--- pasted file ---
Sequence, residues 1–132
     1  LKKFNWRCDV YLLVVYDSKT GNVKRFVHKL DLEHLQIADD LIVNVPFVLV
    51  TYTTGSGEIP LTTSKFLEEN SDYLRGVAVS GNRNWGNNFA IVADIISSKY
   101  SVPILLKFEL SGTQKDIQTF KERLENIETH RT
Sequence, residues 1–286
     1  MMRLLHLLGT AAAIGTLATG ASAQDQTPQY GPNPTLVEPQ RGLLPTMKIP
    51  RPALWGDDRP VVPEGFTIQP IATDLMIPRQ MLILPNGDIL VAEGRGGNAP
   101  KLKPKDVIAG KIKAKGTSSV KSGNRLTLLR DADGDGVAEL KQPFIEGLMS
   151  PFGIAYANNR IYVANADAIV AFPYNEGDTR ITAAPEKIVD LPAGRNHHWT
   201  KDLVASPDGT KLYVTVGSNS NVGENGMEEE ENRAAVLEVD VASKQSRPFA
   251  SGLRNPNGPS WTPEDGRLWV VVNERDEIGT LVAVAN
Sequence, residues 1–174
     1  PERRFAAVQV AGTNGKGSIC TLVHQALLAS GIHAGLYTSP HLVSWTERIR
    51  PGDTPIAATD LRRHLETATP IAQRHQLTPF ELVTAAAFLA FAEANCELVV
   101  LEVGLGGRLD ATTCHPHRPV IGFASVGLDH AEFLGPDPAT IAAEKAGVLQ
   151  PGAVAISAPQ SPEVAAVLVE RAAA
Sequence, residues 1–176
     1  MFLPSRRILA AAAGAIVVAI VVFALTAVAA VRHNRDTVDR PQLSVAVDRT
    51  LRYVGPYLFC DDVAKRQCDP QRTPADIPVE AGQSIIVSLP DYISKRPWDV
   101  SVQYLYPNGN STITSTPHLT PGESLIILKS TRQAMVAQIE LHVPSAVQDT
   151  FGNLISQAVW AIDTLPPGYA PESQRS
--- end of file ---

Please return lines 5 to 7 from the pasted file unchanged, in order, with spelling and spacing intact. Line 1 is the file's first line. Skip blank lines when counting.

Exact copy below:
Sequence, residues 1–286
     1  MMRLLHLLGT AAAIGTLATG ASAQDQTPQY GPNPTLVEPQ RGLLPTMKIP
    51  RPALWGDDRP VVPEGFTIQP IATDLMIPRQ MLILPNGDIL VAEGRGGNAP